St. Augustine in NW Georgia.

Discussion in 'Pesticide & Herbicide Application' started by Cleve, Mar 3, 2002.

  1. Cleve

    Cleve LawnSite Senior Member
    Male, from Rockmart, GA
    Posts: 398

    I don't think you are supposed to be able to get St. Augustine grass to grow this far north. My Dad has about 7k sq. ft. of it in NW Georgia and it is also in the yards next to his. I believe these lawns have been active for the past 20 years or so. Is beautiful in the summer.
    My question is about proper fertilizer and when to apply it and what is best mowing height?
    My wife and I have operated a small LCO for the past 12 years i the Atlanta area and this is the first time I have attempted to care for this lawn. Everything we work with is Fescue and way different problems.
    I did check with our Lesco supplier but they don't even list a St. Augustine program for this area.
    Thanks for your help.
    Cleve.
     
  2. Ric

    Ric LawnSite Fanatic
    Posts: 11,957

    Cleve

    The Facts

    Bitter Blue and Raleigh are the cultivar of St. Augustine that have the best cold tolerance. They both have a course texture and good density. Both are subject to Chinch Bugs. Both have good shade tolerance and should be mowed no lower than 3.5 inches, 4 inches is better. Bitter Blue is a darker green than Raleigh but Raleigh will tolerate cold a little better. Remember these are C 4 warm season grasses. All St Augustine varieties are salt tolerance and stolomatic growers so they not only establish from plugs but also repairs itself. They requires irrigation year round. They requires verticutting (detaching) every several years. They have very poor wear resistance, forms pathways in yard where people walk. Disadvantage is some people think it looks like crabgrass ( biggest objection I hear from new to Fla. people).

    Soil- St Augustine will grow in pH 4.5 to 9.5 but likes about 6.0 It prefers a sandy loam, but will grow in heavy clay. However in clay soils it is subject to SADV St Augustine Decline Virus.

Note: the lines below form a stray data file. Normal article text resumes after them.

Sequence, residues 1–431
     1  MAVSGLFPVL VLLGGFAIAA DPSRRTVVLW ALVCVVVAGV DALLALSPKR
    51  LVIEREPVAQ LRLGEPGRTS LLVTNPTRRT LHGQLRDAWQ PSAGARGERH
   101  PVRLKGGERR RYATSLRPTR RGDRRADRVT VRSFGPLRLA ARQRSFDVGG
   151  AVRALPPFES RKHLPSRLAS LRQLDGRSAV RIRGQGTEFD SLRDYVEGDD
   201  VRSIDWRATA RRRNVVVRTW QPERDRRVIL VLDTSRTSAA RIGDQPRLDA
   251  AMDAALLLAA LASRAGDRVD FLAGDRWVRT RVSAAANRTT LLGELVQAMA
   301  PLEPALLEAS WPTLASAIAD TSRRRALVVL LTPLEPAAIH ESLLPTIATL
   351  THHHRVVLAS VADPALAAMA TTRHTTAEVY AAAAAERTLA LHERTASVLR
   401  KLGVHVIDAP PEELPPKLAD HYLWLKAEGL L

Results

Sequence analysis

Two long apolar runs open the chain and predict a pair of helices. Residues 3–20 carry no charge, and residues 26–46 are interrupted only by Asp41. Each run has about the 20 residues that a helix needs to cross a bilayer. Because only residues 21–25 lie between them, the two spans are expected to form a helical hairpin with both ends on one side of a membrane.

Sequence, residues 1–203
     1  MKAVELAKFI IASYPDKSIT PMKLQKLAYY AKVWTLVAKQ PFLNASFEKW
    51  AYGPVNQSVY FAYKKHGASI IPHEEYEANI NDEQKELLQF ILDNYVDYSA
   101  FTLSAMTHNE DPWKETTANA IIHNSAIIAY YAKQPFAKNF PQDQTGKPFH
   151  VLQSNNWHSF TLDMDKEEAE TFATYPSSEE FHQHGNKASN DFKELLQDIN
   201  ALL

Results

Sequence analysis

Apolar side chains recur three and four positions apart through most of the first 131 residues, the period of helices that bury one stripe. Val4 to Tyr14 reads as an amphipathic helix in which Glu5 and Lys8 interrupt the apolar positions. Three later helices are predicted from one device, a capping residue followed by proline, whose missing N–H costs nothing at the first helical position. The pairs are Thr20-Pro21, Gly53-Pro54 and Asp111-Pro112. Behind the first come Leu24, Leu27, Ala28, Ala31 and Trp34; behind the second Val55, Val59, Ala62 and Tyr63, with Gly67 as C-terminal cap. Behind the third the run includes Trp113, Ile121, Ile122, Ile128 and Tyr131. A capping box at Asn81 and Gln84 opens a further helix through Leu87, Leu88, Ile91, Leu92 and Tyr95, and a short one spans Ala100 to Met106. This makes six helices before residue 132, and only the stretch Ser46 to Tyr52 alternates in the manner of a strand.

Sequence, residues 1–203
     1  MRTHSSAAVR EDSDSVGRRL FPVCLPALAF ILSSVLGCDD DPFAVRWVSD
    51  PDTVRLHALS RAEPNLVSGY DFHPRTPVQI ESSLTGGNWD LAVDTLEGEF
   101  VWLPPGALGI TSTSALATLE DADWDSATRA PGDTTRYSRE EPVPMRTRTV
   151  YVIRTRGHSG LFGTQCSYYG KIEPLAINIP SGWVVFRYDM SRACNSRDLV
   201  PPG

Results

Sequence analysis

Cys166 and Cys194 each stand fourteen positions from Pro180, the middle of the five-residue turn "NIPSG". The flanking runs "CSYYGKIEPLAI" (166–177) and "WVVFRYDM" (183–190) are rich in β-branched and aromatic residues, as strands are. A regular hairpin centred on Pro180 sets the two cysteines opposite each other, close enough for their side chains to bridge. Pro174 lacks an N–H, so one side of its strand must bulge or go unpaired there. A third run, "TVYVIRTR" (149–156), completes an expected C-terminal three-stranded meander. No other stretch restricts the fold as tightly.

Fertilizer- St Augustine is considered to be a moderated user of fertilizer 4 to 6 pounds of nitrogen per year. I will not give you any more info on fertilizer because with out seeing a soil report I could not give you good advice.

    Opinion

    St Augustine is a C 4 Warm season and you are in a transition zone. Therefore St Augustine will not express it self to the best of its ability. I can not recommend this turf to you it your area. However you might try cutting out a few plugs from you friends lawn and plant it in your yard just to see if I am right or wrong.

    You may visit my website at www.yardoc.com for more info or post your questions here at lawn site. You may also call me after 9:00pm most nights. Good Luck
     
  3. Cleve

    Cleve LawnSite Senior Member
    Male, from Rockmart, GA
    Posts: 398

    Ric, thanks for the reply.
    Please note that this grass is well established. My Dad's yard and one on a side along with one across the road probably total around 25k sq. ft. or more. They have been here for over 30 years as best I can tell. At least who ever planted them originally did seem to work with the soil some. Most soil around here is just red clay. These seem to be well amended to at least look black and soft with some sand in it.
    I do have a good dethatcher and a commercial coring aerator. I had no idea about how to either aerate or dethatch this type grass. Kinda thought I might damage it with either machine. When dethatching should I let the blades almost touch the soil?
    I will take a soil sample and let the county agent get it analyzed for a fert. suggettion.
    I do know that when this grass is taken care of it is like walking on a soft carpet. The color and appearance is great in the summer.
    Cleve.
     
  4. Ric

    Ric LawnSite Fanatic
    Posts: 11,957

    Cleve

    I am not sure of the climate in your area so maybe I spoke out of turn when I said it will not work. Verticutting is a little different than detaching. Verticutting is more like slit cutting. Blades are not hinged. I use a Ryan Mataway and it can change blades to make it a detacher. This might not be an issue because if you plant it from plugs it will take 5 to 7 years before you have to verticut it. Unless you over fertilize and over water( a big problem here because of keeping up with the Jones). Core aeration should be no problem I double pass twice a year with a Ryan IV it gives 9 holes per sq ft. I also like to (Opps can post that on net, be giving away to much to my competitors) Send you a private message.

    Cheapest way to establish St Augustine is by plugs and you can cut your own out of your dad's yard. Just put some dirt in the holes and it will grow back in no time at all. You can plug right into your fescue and the St Augustine should over take it. Hope this helps You may IM me on aol user name "Flayard" if you have more question or call me at (941) 629 ANTS or (941) 764 YARD
     

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